ArcelorMittal sells shipping stake in drive to cut debt

The world’s largest steelmaker, has agreed to sell a 50% stake in its shipping business, the first step in its plan to offload $2 billion of assets by the middle of 2021 to reduce its debt

A red-hot steel plate passes through a press at the ArcelorMittal steel plant in Ghent, Belgium

Brussels - ArcelorMittal, the world’s largest steelmaker, has agreed to sell a 50% stake in its shipping business, the first step in its plan to offload $2 billion of assets by the middle of 2021 to reduce its debt.

The company, whose net debt stood at $10.7 billion at the end of September, said on Monday the sale of the stake in Global Chartering Ltd (GCL) to DryLog Ltd would cut its debt by $530 million. It has a target to pull it below $7 billion. ArcelorMittal said it expected to close the deal before the end of this year.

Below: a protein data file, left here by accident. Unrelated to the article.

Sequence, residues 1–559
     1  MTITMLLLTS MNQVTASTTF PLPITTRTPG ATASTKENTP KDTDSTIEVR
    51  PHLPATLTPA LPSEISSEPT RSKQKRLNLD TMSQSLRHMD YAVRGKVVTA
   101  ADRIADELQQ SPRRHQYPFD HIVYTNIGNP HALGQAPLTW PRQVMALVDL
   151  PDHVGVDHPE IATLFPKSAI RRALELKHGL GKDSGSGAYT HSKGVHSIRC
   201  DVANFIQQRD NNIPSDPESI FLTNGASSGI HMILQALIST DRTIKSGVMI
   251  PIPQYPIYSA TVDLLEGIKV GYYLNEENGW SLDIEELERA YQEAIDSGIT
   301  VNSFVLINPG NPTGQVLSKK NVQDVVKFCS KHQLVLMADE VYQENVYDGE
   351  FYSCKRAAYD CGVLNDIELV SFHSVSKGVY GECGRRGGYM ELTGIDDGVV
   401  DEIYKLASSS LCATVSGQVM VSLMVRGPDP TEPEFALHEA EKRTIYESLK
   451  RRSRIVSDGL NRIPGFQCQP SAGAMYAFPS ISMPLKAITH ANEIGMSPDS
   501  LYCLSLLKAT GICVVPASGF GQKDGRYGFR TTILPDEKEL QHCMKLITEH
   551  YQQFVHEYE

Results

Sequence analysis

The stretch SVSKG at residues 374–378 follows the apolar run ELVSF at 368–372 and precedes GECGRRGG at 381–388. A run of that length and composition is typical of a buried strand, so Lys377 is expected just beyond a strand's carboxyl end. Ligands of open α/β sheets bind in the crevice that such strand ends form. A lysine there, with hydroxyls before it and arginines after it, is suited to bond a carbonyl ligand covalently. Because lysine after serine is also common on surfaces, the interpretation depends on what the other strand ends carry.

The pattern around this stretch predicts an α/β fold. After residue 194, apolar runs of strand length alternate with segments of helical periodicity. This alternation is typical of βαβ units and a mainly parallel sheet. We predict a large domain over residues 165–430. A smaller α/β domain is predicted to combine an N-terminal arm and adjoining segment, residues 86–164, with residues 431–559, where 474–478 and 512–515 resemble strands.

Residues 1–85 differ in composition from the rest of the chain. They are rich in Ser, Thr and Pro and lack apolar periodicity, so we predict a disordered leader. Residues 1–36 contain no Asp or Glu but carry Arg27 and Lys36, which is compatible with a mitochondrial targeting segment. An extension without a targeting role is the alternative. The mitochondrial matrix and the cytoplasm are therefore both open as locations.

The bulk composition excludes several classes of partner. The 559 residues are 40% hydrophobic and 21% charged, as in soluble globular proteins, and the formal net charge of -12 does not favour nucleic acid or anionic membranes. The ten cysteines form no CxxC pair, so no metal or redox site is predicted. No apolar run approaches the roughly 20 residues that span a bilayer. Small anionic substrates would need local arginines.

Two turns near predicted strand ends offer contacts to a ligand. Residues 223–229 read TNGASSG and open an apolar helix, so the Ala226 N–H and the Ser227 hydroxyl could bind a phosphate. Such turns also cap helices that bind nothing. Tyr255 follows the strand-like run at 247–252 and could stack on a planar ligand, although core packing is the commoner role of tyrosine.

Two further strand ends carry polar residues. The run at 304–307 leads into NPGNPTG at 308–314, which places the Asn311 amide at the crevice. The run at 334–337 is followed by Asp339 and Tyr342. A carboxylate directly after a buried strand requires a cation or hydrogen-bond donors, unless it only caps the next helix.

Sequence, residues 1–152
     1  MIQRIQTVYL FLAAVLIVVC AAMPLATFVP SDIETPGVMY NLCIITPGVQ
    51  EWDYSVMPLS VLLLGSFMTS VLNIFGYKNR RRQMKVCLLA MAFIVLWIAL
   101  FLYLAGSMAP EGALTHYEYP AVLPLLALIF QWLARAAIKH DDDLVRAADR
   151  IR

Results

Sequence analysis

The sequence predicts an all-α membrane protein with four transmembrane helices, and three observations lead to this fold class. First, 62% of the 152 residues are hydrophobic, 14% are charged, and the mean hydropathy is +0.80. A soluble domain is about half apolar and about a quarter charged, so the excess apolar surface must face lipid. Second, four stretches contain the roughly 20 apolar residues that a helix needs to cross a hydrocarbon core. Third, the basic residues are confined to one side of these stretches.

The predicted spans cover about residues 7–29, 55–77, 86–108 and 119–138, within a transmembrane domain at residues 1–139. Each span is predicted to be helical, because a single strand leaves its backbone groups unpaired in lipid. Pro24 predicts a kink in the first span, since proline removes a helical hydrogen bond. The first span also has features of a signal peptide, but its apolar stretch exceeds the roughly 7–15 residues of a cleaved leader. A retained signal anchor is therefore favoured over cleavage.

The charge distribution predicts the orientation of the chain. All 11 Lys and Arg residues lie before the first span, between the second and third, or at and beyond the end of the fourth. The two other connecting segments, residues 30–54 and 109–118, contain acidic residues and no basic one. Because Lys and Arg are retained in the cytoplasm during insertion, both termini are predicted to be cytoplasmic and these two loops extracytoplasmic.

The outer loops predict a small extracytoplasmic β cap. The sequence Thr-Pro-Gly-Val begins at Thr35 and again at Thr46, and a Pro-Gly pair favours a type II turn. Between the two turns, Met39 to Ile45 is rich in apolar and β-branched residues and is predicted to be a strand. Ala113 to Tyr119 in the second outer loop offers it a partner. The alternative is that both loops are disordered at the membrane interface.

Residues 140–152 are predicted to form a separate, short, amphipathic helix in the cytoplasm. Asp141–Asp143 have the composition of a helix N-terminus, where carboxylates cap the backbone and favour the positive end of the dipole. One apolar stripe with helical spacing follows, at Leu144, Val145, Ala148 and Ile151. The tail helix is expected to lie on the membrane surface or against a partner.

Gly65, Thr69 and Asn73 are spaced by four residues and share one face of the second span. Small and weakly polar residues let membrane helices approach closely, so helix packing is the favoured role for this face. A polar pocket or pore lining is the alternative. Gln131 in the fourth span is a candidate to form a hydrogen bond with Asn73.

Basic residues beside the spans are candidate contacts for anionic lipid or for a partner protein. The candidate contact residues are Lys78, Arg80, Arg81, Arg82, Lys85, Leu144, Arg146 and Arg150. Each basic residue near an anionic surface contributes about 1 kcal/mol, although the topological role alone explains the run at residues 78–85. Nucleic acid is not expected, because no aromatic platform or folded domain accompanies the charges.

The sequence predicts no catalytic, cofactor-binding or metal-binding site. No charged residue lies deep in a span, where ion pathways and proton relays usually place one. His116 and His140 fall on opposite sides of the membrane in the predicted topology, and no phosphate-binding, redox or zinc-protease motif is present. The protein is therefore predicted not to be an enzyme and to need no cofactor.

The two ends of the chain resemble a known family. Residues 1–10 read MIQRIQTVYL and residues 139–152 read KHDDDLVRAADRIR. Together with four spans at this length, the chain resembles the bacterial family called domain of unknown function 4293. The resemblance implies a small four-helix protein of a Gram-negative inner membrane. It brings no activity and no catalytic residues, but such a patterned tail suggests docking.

GCL operates 28 dry cargo vessels, 25 of which are on long-term leases and three owned outright, and will continue to handle a share of ArcelorMittal’s shipments. Drylog is a subsidiary of Greek shipping company Ceres.
 
Last year the steel giant had spent 150 million dollars overall in enlarging its fleet, with the acquisition of a fourth vessel, a 81,000 dwt bulk carrier from the Greek company Capital Management Services, in a deal worth $30.5 million and of two new ships, 180,000 dwt each.
 
ArcelorMittal, which accounts for about 6% of world's steel production, had tried to walk away from a 2018 deal to buy Europe's largest steel plant in Taranto, Italy, after parliament scrapped a guarantee of legal immunity from prosecution over environmental risks during a clean-up of the heavily polluting factory.
 
But in November, the government of Rome and ArcelorMittal agreed to develop a new industrial plan for the site that employs around 8.200 workers in Taranto, a city in Italy’s underdeveloped south.
 
 

 

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